Yeah, I normally go through cars like… With original paint and minimal rust though, this one might be a keeper!

  10. Dolphin Member

    Talk about well bought. $300 is about what I paid for a decent 1964 122 wagon in the late 1970s.

    I guess the answer is to buy vintage cars only from charities. Yep, that’s the ticket.

    Anybody know of a charity that has a good split window C2 available? Or a ’71 Hemi Cuda convertible? How about the 37th Ferrari GTO that’s been missing forever? Let me know.

    • Jesse Mortensen Jesse Staff

      Normally, I wouldn’t recommend the practice. I check the donation lot every once in a while, but there is a reason people gave these cars away. Many of them come in as unfinished projects or rust buckets. I suppose most people would get excited about something like a split window in either form though… We will keep an eye out Dolphin!

  11. Brian

    You guys did very well, especially buying from a charity – in my limited experience with the charities that receive and resale cars, the one I know asks too much for the antique cars that come in. I’m thinking the charity could have gotten more than $300 as scrap metal (these old Volvos are heavy!), so very well bought!

    Looking forward to reading about the progress of this project! Watch out for that HOA – they can be our project car’s worst enemy!

    • Jesse Mortensen Jesse Staff

      Some of the charities have to ask more because they are actually licensed dealers and have more overhead as a result. The charity that this car came from only sells their maximum each year to avoid all the extra cost. The guy from the charity did the math Brian and $300 was actually more than they would have gotten for the steel. They also felt better knowing it was going to go to someone who would get it back on the road!

  12. Robert J

    These old Volvos are in fact very light. It’s surprising how like they are considering their stature. It’s why they get such good fuel mileage.

    • Jesse Mortensen Jesse Staff

      Yep, they look heavier than they really are. They also accelerate and handle better than they look like they would and that is one of the reasons I like them!

  13. Robert J

    GVW is 2,403 lbs.

    • Brian

      I always thought they were heavy for a small 4 cylinder car. My 63 Studebaker Lark with a V8 weighs in at 3100 lbs and my 64 Beetle at 1629 lbs. Without O.D., gas mileage wasn’t spectacular, especially by todays standards. The real beauty of these cars was their durability and safety. They are one of a very few classic cars that I would feel perfectly comfortable driving daily.

  14. VIKING

    Great car, B 18 and B 20 are almost indestructible motors, started in 1962 pv 544 and amazons, the only weak items on those cars are the waterpumps and U-joints, other than that, could be the best quality cars made. You got yourself a real keeper this time. Parts are cheap and easy to find.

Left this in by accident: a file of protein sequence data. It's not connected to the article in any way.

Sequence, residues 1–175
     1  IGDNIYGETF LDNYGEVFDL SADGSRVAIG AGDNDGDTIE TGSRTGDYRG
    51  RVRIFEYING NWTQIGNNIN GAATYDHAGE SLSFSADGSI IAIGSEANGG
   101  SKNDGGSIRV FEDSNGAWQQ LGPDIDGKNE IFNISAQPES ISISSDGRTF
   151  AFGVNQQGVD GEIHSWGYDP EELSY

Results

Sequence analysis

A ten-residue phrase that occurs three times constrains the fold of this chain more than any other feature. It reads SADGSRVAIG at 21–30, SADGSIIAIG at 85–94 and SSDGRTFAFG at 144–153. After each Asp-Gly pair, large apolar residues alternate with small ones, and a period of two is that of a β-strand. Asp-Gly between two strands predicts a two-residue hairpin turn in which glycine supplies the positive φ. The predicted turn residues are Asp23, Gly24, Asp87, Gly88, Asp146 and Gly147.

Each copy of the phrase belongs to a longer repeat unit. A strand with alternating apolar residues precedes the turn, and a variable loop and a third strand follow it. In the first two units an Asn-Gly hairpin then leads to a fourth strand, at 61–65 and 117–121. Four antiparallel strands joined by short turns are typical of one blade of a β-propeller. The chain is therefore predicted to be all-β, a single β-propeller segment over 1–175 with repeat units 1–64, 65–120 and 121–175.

15. stevee

    Good find for all parties involved!
    One of my favorite vehicles (probably ’cause our first family farm milk truck was one) is the 1941-’46 Dodge pickups. Did you by any chance get any pics or any info re: the pickup in the backround?! It’s a bit out of my territory (south of Portland OR) but it would be a shame for it to get smooshed!

    • Jesse Mortensen Jesse Staff

      Actually the guy from the charity is going to let us know if the owner decides to donate it. We offered to help him find a buyer, so we might be contacting you in the spring!

  16. L.M.K. Member

    Great buy . Great story…..

  17. Dave Wright

    This car will spoil you. Great quality, good power. The B18 engines are wonderful. The only downside I can think of in the engine are the fiber cam drive gears, they are easily damaged if not handled correctly. The advantage to the fiber gears was they were quiet. In the shop I opened on returning from Germany we did lots of them both in this body and the 140 serise. We were near Salt lake and would buy every broken one we could find, do the nessisary repairs, drive them to the Bay Area and double our money. The Salt Lake dealer was a high binder and if a clutch or head gasket went bad people would just bail out of them cheep. Forged crankshaft, sodium cooled valves, tough blocks, simple straightforward. What’s not to like? And the values are going up strongly these days. Good luck…….you will love the car.

  18. DT

    I like your new sedan,Its a 2 door,thats good,Its an early Amazon,thats good,Its pretty nice ,thats good. all that said Ive always liked the Latter ones with the slotted wheels and the sport engine.I like that wagon,Its also pretty clean,not as nice as your car,but its a wagon,and a later model.needs alot more work and money, but it would be one heck of a rig, restored

  19. Cameron Bater UK

    I love the so called “Classic Volvos” although the ones I refer to are the 240 series, my father had an A – Reg example that we (sadly) are now forced to break, it has many “Air Con” holoes in the floorpan and has stood for somewhere around 5 years as a result of an acident. The acident was between my father and a fellow in a Toyota Carina, the bloke was speeding his way to a meeting and hit my father (with me in the back) as he was coming out of a T junction (How you can miss a 240 GLT Estate I don’t know), I was only about 2 at the time so all I said was “Oh dear” and then went back to doing whatever kids do meanwhile the corina was spread accross the road and we ended up with a dent that too 5 minuites to remove from the bumper.